Polychaete feeding behavior and geographical distribution in the Gulf of Mexico
Polychaete annelids contribute greatly to macrofaunal species diversity in dynamic deep-sea ecosystems. The aim of our study was to assess the functional composition of deep-sea polychaete assemblages in the Gulf of Mexico. We examined various factors influencing the diversity, density and distribution of this taxon. Polychaete assemblages are ubiquitous in the deep sea but abundance, diversity and species composition are sensitive to changing environmental conditions. We tested the hypothesis that polychaete feeding-guilds show a stronger correlation with depth and environmental characteristics than their taxonomic groupings. Polychaetes were sampled from a total of 51 stations consisting of 7 transects and individual juxtaposed stations in the Gulf of Mexico. Additionally, we also carried out ecological niche modeling (ENM) using the Maximum Entropy model (MaxEnt) estimate the potential geographical distribution of the most dominant polychaete species found in our study.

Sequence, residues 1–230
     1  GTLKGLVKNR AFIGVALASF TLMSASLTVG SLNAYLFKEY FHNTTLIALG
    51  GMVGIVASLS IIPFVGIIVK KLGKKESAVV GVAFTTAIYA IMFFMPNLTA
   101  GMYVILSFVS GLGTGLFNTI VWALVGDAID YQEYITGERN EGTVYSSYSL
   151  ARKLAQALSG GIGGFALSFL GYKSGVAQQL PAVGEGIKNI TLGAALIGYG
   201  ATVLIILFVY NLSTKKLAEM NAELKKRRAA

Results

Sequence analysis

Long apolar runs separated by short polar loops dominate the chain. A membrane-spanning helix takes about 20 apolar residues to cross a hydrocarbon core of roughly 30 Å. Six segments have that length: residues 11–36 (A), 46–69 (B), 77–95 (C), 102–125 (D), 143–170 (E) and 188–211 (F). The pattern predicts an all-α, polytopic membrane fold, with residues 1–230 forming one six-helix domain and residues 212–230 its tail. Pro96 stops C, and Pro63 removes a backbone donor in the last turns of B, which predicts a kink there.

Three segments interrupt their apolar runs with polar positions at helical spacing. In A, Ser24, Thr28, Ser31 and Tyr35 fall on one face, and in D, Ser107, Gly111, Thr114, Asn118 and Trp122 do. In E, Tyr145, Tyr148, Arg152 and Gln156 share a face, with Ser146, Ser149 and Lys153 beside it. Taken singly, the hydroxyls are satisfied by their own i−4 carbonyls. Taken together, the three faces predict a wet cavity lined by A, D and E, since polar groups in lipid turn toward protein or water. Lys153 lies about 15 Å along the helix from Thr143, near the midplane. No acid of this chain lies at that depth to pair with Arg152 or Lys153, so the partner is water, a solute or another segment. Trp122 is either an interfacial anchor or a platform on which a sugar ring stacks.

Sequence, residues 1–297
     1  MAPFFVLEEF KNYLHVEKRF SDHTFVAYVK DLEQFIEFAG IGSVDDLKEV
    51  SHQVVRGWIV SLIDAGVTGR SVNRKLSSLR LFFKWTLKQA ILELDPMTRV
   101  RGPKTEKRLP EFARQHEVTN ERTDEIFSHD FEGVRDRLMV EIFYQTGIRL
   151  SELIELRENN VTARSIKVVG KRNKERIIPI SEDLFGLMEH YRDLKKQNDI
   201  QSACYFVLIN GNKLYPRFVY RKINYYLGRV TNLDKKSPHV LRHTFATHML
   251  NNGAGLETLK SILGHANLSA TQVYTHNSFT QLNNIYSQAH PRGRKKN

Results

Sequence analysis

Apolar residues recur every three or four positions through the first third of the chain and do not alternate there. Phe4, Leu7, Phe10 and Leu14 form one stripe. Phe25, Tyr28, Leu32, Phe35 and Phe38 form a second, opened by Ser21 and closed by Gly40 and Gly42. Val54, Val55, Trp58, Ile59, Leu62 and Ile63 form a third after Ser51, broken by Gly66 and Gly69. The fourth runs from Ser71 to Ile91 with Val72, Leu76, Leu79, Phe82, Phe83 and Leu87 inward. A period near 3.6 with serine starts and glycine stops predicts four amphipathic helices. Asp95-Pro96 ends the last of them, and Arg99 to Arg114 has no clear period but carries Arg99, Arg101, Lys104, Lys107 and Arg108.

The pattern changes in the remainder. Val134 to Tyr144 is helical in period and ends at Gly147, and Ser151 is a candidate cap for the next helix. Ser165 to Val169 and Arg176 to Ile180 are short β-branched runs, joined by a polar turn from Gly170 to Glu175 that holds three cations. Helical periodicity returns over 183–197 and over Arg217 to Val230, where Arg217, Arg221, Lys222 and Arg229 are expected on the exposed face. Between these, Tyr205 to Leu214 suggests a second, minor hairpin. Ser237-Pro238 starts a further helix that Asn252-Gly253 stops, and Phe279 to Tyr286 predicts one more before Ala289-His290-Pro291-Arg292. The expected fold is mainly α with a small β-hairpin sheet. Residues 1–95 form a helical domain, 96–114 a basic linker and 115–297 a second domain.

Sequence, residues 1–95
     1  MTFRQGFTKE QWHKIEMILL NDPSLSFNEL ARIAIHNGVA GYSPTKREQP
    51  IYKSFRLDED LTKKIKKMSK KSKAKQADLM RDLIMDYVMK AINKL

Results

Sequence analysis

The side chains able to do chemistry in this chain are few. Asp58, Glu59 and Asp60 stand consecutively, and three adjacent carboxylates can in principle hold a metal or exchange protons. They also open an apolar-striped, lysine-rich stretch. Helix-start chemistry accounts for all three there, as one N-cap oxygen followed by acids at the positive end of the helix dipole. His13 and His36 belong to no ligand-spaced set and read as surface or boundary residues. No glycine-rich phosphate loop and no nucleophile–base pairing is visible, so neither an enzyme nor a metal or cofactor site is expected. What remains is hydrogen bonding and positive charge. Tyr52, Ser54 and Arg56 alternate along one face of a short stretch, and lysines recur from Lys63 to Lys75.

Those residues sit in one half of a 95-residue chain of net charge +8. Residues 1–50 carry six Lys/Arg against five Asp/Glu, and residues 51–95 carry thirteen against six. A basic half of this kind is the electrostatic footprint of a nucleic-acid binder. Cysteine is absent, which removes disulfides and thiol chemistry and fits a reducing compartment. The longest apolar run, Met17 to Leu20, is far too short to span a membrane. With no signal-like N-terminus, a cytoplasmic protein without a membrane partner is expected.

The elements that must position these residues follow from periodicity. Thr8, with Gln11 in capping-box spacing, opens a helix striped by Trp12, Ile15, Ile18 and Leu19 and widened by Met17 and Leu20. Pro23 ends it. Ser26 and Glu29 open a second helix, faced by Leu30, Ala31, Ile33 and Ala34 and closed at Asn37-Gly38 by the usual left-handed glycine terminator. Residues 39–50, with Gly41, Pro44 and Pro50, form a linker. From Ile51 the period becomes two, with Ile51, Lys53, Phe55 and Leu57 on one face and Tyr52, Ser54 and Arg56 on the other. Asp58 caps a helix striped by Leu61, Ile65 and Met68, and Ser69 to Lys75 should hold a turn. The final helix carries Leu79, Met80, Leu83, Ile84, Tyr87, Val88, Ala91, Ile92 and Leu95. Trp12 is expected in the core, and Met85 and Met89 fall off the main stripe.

The highest species diversity was present at the central and the upper slope of the Mississippi trough area. Polychaete density decreased exponentially from the shallow, central regions to the eastern and western regions. Diversity in polychaete feeding-guilds was high on the Mississippi trough, upper and mid-slope regions and declined to a few guilds on the abyssal plain region. A significant correlation was observed between polychaete feeding-guilds and environmental variables. Using species presence-only data for ENM we generated potential distribution maps of the four most dominant polychaete species found at a regional scale in the Gulf of Mexico. We conclude that that feeding-guild analysis and ecological niche modeling are powerful tools for polychaete diversity studies, as they provide a clear understanding of the spatio-temporal patterns and trophic organization of deep-sea benthic assemblages.